Cross-Training in Fitness Walking

Cross-training is just a fancy term for mixing up and balancing your fitness activities. Think of it as fitness grazing. It should be fun and keep your body  healthy and your mind alert. More and more people are discovering cross-training and consider it a part of their routine and not anything special. According to a 1992 national poll conducted for Outside magazine, the  number of Americans who participated in more than one  activity was  expected to jump  in 10 years by 73 percent, outpacing even  the  impressively increasing numbers of walkers. Taking a look around, I’ll bet  that growth has  been reached.

Even as a walking aficionado, you should sample other activities for several reasons. First, you will strengthen and tone muscles that walking doesn’t target. Walking requires the  concentrated use  of the  muscles in the  back  of the  leg, which can cause strength and flexibility imbalances. Cross-training can resolve possible imbalances.

Cross-Training in Fitness WalkingMultiple activities also can generate added enthusiasm for  exercise in general and walking specifically. Trying a smattering of activities will keep your mind and your body interested in exercise and will promote lifelong participation. Interest and ability in  other activities can give  you  some- thing to fall back on in case of an injury, travel, or other life and schedule changes. If you  need, or are forced, to take a few  days or more off from walking, you’ll know how to substitute other activities so you can maintain your health, fitness, and vitality. Once you  look around, you’ll realize there is an array of activities you  can add to your program, either now  and then, seasonally, or just as the whim strikes. The  following are a few activities that might be more interesting to a walker and the reasons to choose one or another. Remember, the choices don’t stop here, so let this sample tickle your imagination.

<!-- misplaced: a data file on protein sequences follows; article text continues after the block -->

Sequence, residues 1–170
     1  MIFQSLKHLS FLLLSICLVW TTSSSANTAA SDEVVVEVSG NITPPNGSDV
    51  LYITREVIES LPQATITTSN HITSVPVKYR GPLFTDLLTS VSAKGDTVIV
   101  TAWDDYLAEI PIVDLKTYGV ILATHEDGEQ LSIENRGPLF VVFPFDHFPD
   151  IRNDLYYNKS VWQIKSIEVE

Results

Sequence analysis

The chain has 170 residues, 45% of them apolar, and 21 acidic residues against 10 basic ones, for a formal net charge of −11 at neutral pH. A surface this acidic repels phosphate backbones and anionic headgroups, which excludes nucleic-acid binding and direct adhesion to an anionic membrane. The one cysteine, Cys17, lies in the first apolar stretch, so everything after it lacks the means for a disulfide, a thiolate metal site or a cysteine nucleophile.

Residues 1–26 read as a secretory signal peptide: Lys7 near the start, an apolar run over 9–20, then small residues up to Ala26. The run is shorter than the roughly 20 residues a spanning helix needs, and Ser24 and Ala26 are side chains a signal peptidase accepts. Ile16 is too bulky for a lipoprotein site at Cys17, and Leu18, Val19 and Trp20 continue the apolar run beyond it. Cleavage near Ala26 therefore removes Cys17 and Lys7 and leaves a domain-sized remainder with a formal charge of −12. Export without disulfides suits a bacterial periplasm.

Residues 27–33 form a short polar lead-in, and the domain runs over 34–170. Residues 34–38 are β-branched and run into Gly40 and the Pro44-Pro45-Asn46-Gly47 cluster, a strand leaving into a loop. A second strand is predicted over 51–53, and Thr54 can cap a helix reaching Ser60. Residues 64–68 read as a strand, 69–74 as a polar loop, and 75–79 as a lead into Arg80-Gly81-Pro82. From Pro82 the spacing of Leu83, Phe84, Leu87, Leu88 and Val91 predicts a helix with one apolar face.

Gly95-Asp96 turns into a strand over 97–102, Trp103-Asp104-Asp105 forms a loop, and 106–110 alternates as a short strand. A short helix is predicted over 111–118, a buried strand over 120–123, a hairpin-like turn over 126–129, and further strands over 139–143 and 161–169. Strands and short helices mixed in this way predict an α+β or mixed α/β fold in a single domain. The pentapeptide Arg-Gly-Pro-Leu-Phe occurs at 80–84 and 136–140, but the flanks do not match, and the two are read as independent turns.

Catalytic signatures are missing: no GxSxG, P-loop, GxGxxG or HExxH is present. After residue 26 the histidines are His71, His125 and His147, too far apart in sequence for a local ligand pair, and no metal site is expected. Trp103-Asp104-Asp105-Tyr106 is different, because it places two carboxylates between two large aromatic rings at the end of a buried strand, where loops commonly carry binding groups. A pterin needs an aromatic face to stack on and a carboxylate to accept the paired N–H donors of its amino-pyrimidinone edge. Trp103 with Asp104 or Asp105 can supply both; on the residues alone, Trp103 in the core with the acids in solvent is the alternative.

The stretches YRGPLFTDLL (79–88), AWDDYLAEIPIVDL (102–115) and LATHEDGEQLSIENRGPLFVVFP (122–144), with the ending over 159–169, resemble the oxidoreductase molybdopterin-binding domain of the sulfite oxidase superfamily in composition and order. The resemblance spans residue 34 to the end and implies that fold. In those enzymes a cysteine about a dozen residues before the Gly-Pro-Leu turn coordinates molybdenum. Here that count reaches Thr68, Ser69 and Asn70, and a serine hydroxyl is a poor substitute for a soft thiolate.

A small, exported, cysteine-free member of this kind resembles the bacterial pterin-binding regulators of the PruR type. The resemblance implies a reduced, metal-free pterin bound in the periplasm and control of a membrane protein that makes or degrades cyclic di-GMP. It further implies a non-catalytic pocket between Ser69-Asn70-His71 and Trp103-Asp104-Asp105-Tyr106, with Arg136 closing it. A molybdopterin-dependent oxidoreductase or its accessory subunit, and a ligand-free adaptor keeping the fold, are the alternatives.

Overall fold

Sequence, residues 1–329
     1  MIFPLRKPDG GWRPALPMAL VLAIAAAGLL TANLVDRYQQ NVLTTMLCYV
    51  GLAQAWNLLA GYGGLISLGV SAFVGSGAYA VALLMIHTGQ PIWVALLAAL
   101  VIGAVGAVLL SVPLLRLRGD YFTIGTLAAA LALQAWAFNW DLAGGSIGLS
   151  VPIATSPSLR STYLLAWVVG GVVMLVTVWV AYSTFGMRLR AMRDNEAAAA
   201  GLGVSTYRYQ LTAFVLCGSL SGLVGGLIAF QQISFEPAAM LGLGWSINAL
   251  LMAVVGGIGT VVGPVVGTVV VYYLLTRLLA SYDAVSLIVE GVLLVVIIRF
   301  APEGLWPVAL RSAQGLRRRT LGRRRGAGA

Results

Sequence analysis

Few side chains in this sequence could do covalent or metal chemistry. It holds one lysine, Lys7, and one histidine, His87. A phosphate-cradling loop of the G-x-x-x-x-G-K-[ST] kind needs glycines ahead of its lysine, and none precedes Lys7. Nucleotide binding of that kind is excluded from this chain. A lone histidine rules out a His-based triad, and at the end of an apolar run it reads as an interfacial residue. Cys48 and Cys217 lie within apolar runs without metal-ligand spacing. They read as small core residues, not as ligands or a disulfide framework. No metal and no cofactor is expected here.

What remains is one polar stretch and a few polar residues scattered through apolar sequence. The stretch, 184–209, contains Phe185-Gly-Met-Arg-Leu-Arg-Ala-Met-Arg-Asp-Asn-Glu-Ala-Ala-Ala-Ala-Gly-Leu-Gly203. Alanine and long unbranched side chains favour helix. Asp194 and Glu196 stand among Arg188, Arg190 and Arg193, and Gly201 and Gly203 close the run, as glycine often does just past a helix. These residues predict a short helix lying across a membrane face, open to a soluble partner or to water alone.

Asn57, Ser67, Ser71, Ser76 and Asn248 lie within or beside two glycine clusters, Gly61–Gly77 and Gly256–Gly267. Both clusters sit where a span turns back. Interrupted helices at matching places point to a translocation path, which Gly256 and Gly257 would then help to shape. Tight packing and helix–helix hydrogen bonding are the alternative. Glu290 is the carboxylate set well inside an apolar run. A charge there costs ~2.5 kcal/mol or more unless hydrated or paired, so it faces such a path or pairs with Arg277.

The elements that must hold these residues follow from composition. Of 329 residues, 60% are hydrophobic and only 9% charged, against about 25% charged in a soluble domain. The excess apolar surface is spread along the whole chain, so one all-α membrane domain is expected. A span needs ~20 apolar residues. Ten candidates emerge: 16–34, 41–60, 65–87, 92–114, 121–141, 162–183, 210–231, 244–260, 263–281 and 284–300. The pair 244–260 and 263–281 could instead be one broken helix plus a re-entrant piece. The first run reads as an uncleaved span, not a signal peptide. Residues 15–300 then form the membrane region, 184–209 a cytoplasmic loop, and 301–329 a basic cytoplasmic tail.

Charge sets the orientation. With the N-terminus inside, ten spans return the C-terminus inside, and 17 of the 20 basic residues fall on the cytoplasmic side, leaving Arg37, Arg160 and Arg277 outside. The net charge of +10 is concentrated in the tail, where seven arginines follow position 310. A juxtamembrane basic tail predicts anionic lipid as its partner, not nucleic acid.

To help  you better sort out  what  you might  want  to choose, the  activities are divided into two sections. The first includes a sampler of aerobic activities that are  walking  oriented in some way, but  are  still considered cross-training because they use  different muscles, and  the impact is varied. The  second includes alternate nonwalking aerobic activities.

Variations of Walking

Walking itself can be transformed into a cross-training routine by adding equipment, diversifying your  route, or changing your  walking style.  That’s because the variation, just like cross-training techniques mentioned earlier, uses different muscles to create a nearly different workout, allowing some muscles to rest while stressing other less  frequently used muscles. You can also  use  walking variations in special circumstances, for example, if you travel to a snowy resort for a vacation or to a mountain town  on holiday or business travel. Here are a few varieties that may pique your  interest.

Nordic Walking

Much like cross-country skiing but  without skis or snow,  Nordic walking uses lighter poles with  different hand grips  and  emulates a cross-country-skiing style  of push-off with  the  poles. A participant uses rubber tips  on pavement and metal tips  on dirt.  Only introduced in the  United  States in 2003, the  activity stems from  Scandinavia (hence, the  name) and  is similar to pole  walking that has been done for years in the United  States with a slightly different style. Nordic walking can, depending on the user and his or her skill and technique, use  about 20 percent more calories than regular walking.  Plus,  poling  along demands more from back,  chest, and  arm  muscles, so it turns into  an upper- body workout too. You can also hone your cross-country ski technique. This is one fitness activity that had  its birthplace in Europe, where it has  become an international phenomenon in just  a couple of years with  several million  now participating in Nordic walking.

Retro Walking

This odd-sounding activity is no more than walking  backward. Retro  walking demands more energy than forward walking, reduces impact to nearly zero, and changes the  pattern of muscle use to increase the  demand on the  quadriceps in the front of the thigh. Try short stretches (with one eye over your shoulder) on flat trails or uncrowded tracks. But attempt only short distances at a time because you don’t  want  to back  into  anything. You’ll find your  stride will be shorter. Other than that, the  only things to watch out for are obstacles.


Maybe  you  like the  feeling  of bobbing along  at  a jog, but  you  don’t  like the impact. Try interspersing  your walks  with short runs of 1 to 2 minutes or whatever’s comfortable. A more advanced walker  can turn the runs into short sprints; an  intermediate walker  can  make  the  run slow  and  easy  and  use  it as a rest from fast walking.  Beginners, however, should stick  with walking.  In addition, if you walk a lot of hills, you’ll find that walking steep downhills can be difficult  and even  jarring. Sometimes, an easy  jog down  an incline  is easier on your  body. So try mixing  up  the  run and  walk portions based on terrain fluctuations.